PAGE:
"this reimagined tale of the son of Zeus is a fun action romp"
It’s barely been 4 months, but already the second Greek mythology film of the year arrives in a more grandiose way, encapsulating the blockbuster-esque fever currently dominating the box office chart. Adapted from the late Steve Moore’s graphic novel Hercules: The Thracian Wars, this histrionic re-imaging sees Hercules as a mere moral mercenary, who struggles to grapple with the magnitude surrounding his own myth and legend.
Dwayne ‘bulging biceps’ Johnson takes on the legendary titular role, who within the imminent opening scenes theatrically adorns a hat made out of a lion’s head; this event alone sets the inclination of events to follow. Hercules is accompanied by a band of dutiful and devoted mercenaries (Amphiaraus, Autolycus, Tydeus, Atalanta and Ioluas), who each have a singularly unique skill, including but not limited to storytelling, archery and foreseeing the future. They loyally consort alongside their leader with an enterprising rent-a-mercenary formula which sees this 1400 BC Avengers style team hire their services to anyone - as long as it entails the right amount of gold.
Hired by the king of Thrace (a sprightly John Hurt) to protect his land from the tyrannical warlord Rhesus and his army of centurions, Hercules and crew set about training left over civilians into a tough and blood thirsty army. Brett Ratner (Tower Heist, Rush Hour franchise) is able to maintain the right balance of humour and battle sequences, which sees Amphiaraus (Ian McShane) supreme champion of the one liner in this surprisingly comic demi-god odyssey.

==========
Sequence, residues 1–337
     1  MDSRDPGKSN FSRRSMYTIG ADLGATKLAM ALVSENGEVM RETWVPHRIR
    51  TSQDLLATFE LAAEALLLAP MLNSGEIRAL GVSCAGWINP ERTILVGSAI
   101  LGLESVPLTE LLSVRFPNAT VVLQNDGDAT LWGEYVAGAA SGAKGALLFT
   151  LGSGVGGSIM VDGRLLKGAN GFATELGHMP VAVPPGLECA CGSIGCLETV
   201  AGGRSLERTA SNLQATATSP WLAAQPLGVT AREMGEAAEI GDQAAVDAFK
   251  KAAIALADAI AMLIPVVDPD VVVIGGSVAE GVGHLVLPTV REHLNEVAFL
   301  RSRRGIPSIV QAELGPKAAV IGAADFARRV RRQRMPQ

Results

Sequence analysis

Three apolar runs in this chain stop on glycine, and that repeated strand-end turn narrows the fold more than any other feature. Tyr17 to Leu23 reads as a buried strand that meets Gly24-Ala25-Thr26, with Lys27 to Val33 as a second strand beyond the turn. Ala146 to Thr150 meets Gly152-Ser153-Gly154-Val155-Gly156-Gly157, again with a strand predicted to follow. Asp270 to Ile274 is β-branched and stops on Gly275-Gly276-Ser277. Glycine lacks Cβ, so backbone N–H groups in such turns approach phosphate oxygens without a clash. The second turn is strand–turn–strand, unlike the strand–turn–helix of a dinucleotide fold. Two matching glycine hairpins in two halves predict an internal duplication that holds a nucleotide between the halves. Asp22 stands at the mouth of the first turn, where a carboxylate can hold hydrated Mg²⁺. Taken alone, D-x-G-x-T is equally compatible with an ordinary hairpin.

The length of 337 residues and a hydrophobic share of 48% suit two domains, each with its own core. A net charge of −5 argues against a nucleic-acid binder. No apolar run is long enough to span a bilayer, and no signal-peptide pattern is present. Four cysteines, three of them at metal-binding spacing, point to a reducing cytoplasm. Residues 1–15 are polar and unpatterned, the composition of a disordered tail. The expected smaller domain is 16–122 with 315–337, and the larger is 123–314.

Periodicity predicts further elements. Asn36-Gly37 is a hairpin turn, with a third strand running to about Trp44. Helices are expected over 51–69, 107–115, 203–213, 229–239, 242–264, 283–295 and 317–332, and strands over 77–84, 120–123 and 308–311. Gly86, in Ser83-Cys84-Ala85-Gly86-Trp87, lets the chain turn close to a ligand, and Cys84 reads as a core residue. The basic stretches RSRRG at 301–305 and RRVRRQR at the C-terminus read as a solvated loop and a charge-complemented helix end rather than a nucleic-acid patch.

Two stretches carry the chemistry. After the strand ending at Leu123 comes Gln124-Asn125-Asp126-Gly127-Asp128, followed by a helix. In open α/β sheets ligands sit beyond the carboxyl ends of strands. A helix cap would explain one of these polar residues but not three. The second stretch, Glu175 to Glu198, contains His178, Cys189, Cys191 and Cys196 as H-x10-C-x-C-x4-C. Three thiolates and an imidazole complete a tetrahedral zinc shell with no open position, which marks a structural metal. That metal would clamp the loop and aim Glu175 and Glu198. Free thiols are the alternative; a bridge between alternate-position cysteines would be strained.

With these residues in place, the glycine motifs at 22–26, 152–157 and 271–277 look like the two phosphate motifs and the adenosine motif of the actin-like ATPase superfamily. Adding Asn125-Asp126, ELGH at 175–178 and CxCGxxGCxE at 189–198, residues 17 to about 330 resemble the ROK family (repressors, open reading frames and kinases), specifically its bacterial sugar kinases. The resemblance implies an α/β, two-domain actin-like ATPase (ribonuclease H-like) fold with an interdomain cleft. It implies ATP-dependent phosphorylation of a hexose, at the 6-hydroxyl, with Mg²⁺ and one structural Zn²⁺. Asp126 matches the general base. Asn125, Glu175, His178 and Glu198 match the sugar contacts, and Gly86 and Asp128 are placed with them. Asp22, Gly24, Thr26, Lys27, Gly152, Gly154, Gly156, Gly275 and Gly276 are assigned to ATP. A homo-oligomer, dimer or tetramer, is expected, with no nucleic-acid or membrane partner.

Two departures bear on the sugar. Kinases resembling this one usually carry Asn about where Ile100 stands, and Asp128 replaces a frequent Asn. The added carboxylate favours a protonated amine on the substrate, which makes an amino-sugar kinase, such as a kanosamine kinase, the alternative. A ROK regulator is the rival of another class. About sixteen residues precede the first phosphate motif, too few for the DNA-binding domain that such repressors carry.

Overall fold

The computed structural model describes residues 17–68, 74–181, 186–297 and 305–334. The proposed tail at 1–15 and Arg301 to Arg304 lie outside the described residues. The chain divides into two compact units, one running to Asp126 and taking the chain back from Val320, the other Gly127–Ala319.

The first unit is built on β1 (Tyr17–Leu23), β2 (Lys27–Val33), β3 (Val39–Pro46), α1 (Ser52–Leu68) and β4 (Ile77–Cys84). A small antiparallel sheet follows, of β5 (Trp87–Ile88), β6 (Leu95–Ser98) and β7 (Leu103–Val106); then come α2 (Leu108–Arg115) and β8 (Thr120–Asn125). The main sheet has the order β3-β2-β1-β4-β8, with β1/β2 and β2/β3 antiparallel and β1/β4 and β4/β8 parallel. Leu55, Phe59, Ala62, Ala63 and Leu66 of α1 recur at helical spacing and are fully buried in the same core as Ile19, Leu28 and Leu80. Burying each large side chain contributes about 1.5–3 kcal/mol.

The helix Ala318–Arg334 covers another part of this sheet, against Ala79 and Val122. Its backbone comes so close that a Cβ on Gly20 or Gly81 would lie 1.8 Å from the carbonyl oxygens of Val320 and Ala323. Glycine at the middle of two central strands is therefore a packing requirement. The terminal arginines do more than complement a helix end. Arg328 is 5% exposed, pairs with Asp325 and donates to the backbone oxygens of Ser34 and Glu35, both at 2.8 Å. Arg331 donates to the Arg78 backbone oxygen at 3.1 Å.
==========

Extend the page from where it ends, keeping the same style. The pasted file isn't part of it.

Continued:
Whilst grainy CGI and unimpressive 3D leaves a lot to be desired, there’s no denying that the simply titled Hercules is an enjoyable, engaging and fast paced watch from start to finish. Alongside Johnson’s ever charismatic and testosterone fuelled on screen presence, this is the only must see mythology blockbuster this year. However, the violence has been edited and scaled back to achieve a 12A certificate which ensures a far more family friendly affair, and with any luck upon DVD release there may well be a more graphic and extended cut à la Taken 2. To truly unleash the full potential of the ambitious and lengthy battle scenes, which never fully reach the ultimate crescendo.
Verdict – With rousing pre battle speeches and Johnson’s well-oiled chest and muscles on display for the main duration of the film, this reimagined tale of the son of Zeus is a fun action romp, which demands to be viewed in glorious roaring IMAX.